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Iowa Taxation

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Online Resources[edit | edit source]

Why Use Tax Records[edit | edit source]

By studying several consecutive years of tax records you may determine when a young men came of age, when individuals moved in and out of a home, or when they died leaving heirs. Authorities determined wealth (real estate, or income) to be taxed. Taxes can be for polls, real and personal estate, or schools.

Tax record content varies and may include the name and residence of the taxpayer, description of the real estate, name of original purchaser, description of personal property, number of males over 21, number of school children, slaves, and farm animals. Tax records usually are arranged by date and locality and are not normally indexed. Tax records can be used in place of missing land and census records to locate a person’s residence.

How to Use Tax Records for Iowa[edit | edit source]

County Level[edit | edit source]

In Iowa tax records have been kept since 1834, when the first county was formed. Tax lists are often used as substitutes for missing census records. They are especially valuable because they are usually taken each year. They start about the time a county was created and the records are generally kept in the county seat. They may include poll tax records, railroad tax books, taxable land lists, records of delinquent taxes, and road tax books. Some tax lists have been microfilmed and are at the Family History Library.

State Level[edit | edit source]

From mid-March 1934 to 1936, an Old Age Assistance Tax was levied. These tax records often provide the person’s birth date and birthplace and full names of the parents (including the wife's maiden name). The persons listed were born between the 1850s and 1914. The lists only include persons who owned real estate or taxable personal property. The following source is an example of the records available:

  • Wayne County (Iowa). County Recorder. Old Age Assistance Records, 1934–1936. [2]The records are alphabetical.

1862-1865 - Internal Revenue Assessment Lists for Iowa, 1862–1866 tax records are divided into districts, the following is a list of the counties in each district.

District 1
Davis, Des Moines, Henry, Jefferson, Lee, Louisa, Van Buren, Washington

District 2
Ceder, Clinton, Jackson, Jones, Linn, Muscatine, Scott

District 3
Bremer, Buchanan, Chickasaw, Clayton, Delaware, Dubuque, Fayette, Floyd, Howard, Mitchell, Winnesheek

District 4
Benton, Iowa, Jasper, Johnson, Keokuk, Mahaska, Marion, Poweshiek, Tama, Warren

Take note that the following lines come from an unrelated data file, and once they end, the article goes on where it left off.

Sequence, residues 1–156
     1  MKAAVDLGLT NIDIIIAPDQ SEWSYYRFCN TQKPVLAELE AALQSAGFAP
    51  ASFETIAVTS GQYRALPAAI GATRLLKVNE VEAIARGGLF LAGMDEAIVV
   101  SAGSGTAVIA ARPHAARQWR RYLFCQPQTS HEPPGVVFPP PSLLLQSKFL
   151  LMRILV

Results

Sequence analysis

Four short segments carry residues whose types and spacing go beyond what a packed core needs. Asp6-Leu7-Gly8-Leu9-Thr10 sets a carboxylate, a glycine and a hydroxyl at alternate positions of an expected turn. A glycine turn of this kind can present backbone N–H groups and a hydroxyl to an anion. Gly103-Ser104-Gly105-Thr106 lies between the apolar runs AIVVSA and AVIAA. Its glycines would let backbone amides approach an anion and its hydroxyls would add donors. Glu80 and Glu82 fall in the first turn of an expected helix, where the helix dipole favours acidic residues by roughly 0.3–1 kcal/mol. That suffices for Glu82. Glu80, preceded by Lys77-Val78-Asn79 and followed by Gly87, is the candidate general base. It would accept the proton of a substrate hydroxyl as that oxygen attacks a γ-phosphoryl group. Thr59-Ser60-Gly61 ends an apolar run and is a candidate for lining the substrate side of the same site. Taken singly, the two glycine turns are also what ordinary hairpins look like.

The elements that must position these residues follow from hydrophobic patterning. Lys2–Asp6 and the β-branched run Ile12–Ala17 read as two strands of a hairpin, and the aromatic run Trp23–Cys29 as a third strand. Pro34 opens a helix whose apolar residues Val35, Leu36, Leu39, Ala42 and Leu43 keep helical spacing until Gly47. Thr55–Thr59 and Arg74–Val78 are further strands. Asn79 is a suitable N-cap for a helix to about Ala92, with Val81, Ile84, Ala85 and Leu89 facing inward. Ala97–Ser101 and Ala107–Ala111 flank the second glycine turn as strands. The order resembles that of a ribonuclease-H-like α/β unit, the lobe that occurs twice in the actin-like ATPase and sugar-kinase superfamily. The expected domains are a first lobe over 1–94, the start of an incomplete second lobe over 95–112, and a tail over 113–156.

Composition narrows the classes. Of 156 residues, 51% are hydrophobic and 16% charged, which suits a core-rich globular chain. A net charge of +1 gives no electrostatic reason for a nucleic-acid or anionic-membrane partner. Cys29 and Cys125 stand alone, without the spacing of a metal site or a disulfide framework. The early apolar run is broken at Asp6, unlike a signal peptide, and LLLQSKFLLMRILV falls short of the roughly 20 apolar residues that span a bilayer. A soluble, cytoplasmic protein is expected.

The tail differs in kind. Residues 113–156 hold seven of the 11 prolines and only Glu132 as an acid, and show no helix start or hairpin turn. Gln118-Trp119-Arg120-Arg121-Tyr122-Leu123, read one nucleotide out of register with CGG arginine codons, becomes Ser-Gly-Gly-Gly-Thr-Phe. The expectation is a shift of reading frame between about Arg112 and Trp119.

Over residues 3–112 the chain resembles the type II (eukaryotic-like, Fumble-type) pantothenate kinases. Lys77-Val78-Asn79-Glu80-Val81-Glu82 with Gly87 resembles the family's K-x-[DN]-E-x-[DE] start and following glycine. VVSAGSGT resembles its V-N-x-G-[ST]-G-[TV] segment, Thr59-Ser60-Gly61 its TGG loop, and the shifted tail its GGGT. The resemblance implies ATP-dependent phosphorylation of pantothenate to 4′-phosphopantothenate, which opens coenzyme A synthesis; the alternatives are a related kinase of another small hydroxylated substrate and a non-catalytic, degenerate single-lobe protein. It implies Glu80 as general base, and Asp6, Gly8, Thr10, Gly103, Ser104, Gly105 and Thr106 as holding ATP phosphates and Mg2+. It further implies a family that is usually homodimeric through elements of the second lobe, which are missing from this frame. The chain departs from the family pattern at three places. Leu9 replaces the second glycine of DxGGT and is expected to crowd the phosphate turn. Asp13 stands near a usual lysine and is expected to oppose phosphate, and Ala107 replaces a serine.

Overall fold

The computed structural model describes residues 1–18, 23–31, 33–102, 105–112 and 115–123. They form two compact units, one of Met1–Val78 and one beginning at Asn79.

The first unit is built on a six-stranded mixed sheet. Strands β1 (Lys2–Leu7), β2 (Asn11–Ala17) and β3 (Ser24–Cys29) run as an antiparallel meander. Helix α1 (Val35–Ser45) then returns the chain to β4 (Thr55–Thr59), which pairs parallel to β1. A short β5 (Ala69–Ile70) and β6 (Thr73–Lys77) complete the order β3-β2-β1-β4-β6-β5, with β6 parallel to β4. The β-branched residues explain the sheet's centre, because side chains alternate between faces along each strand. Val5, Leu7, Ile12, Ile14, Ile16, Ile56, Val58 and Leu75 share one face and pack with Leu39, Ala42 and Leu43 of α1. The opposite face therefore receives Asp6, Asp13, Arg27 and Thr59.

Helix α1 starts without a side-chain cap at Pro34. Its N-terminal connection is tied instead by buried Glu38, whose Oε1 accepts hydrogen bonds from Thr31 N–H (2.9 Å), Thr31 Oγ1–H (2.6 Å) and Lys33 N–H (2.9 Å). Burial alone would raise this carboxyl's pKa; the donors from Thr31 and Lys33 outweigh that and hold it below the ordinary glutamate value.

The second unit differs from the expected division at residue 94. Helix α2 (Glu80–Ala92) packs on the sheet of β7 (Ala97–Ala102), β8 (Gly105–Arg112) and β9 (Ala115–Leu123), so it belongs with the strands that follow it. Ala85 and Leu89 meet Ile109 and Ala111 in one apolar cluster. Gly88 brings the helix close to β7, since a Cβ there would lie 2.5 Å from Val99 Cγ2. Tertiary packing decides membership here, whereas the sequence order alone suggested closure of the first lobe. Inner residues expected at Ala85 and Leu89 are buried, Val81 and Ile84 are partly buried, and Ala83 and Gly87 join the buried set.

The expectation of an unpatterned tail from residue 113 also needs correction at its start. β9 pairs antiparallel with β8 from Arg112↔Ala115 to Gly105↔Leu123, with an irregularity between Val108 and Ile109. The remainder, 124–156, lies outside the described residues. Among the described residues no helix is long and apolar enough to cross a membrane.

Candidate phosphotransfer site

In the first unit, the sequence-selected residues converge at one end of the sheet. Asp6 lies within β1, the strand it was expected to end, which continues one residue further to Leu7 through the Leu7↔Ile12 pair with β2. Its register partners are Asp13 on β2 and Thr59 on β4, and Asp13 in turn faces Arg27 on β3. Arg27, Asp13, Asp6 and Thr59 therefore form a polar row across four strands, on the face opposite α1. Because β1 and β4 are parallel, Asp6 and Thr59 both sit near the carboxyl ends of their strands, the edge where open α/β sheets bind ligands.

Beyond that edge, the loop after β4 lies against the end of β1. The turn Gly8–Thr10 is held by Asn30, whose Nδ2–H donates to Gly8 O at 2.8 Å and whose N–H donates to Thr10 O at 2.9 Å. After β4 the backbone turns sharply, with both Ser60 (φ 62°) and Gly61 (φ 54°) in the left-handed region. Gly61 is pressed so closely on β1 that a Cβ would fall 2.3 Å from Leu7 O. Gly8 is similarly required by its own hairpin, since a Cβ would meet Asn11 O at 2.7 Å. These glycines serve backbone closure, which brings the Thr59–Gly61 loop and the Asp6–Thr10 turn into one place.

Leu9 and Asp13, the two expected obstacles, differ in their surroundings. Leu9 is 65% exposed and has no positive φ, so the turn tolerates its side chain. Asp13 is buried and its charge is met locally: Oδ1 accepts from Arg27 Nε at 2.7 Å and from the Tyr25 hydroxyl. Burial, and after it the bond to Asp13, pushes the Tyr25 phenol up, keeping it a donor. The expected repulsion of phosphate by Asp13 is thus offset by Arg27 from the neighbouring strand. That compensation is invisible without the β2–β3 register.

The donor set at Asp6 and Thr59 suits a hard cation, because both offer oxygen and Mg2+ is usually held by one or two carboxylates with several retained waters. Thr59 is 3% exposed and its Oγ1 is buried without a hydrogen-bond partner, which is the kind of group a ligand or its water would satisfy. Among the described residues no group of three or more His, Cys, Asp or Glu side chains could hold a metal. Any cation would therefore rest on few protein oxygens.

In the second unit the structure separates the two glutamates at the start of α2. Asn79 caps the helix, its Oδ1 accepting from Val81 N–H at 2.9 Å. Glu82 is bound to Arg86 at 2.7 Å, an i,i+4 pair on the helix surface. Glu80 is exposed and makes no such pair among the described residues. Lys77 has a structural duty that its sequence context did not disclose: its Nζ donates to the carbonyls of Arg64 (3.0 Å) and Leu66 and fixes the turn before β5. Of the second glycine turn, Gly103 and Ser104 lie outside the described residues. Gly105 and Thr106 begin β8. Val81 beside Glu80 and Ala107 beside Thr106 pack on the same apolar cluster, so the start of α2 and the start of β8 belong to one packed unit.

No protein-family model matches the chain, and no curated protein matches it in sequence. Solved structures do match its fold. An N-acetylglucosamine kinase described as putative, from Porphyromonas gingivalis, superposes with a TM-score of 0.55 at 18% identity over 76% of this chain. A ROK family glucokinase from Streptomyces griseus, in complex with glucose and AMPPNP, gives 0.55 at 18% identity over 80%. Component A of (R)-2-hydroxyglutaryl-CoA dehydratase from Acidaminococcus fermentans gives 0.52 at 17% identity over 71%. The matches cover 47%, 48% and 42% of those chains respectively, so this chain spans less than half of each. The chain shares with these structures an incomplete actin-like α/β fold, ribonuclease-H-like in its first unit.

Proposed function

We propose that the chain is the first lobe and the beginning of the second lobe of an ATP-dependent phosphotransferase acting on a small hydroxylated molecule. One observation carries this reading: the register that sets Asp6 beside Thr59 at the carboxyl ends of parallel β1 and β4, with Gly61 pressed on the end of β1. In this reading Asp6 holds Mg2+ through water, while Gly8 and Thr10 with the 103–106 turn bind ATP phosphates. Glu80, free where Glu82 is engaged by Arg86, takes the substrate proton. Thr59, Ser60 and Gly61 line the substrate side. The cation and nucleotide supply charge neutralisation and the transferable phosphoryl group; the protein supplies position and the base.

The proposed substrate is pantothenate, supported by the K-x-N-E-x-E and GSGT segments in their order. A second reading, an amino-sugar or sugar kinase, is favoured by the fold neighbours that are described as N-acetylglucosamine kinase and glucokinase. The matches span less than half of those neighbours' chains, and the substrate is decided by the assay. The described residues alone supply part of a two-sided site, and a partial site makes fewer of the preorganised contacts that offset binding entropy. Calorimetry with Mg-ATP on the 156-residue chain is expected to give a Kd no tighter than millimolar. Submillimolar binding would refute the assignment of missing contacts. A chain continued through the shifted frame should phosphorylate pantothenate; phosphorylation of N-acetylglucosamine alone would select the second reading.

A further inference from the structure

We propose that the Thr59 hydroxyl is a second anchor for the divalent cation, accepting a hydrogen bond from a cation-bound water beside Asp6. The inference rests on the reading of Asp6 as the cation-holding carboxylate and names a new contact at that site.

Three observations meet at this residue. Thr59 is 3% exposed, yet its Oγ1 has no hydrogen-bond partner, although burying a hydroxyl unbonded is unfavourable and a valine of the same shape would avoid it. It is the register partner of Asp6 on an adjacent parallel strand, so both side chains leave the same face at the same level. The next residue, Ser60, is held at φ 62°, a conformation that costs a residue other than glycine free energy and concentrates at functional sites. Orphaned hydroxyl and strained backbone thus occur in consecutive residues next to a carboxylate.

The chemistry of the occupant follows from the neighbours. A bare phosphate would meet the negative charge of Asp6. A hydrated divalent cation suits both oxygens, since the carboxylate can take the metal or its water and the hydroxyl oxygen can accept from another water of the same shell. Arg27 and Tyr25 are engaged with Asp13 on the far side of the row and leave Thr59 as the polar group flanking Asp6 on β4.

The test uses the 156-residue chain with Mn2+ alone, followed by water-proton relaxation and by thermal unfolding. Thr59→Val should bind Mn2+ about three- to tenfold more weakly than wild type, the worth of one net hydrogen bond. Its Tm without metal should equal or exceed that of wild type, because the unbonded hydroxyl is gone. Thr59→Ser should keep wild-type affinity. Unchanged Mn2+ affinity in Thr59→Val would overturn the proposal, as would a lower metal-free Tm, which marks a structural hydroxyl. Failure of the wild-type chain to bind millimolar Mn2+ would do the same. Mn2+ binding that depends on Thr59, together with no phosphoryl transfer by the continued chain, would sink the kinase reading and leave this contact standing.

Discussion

District 5
Adam, Audubon, Cass, Clarke, Dallas, Decatur, Freemont, Guthrie, Harrison, Lucas, Madison, Mills, Montgomery, Page, Polk, Pattawattomice, Ringgold, Shelby, Taylor, Union, Warren, Wayne

District 6
Black Hawk, Boone, Buena Vista, Butler, Calhoun, Carrol, Cerro Gordo, Cherokee, Clay, Crawford, Dickinson, Emmet, Franklin, Green, Grundy, Hamilton, Hancock, Hardin, Humboldt, Ida, Kossuth, Lyon Marshell, Monona, O'Brien, Osceola, Palo Alto, Plymouth,Pocahontas, Sac, Sioux, Story, Webster, Winnebago, Woodbury, Worth, Wright

Tax Laws[edit | edit source]

Tax money bag.jpg

What history has shown us is that while property taxes are locally levied, there is significant state involvement with the amount of tax local political subdivisions can levy, how property assessments are conducted, and what services local taxing subdivisions must provide for their residents. Many of the changes the state has made in the past to lower the local property tax required a shift in financial responsibility from the local governments to the state. This comes at a cost to state taxpayers, because the state has obligations it must fund as well, with a limited amount of state tax dollars.

In July of 1862, Congress passed the Internal Revenue Act to provide income for the Government to pay the public debt including Civil War costs. After the Civil War, taxes were abolished until only a tax on liquor and tobacco remained in 1883. An 1895 Supreme Court ruling declared that income tax was unconstitutional and led to the ratification of the sixteenth amendment in 1913 which states that Congress has the power to establish and collect taxes on incomes. This was the beginning of our modern day taxes.

To learn more about the Civil War taxes click here

Other Resources[edit | edit source]

Acres for Cents: Delinquent Tax Auctions in Frontier Iowa by Robert P. Swierenga, Westport, Conn: Greenwood, 1976. Goes into the property that is Auctioned off because of the lack of taxes being paid.

References[edit | edit source]

  1. National Archives Microfilm Publications; M0766. Washington, DC: The National Archives, 1988. FHL films 1534648–63.
  2. Old Age Assistance Records, 1934–1936 Salt Lake City, Utah: Genealogical Society of Utah, 1990. FHL films 1653885–88.



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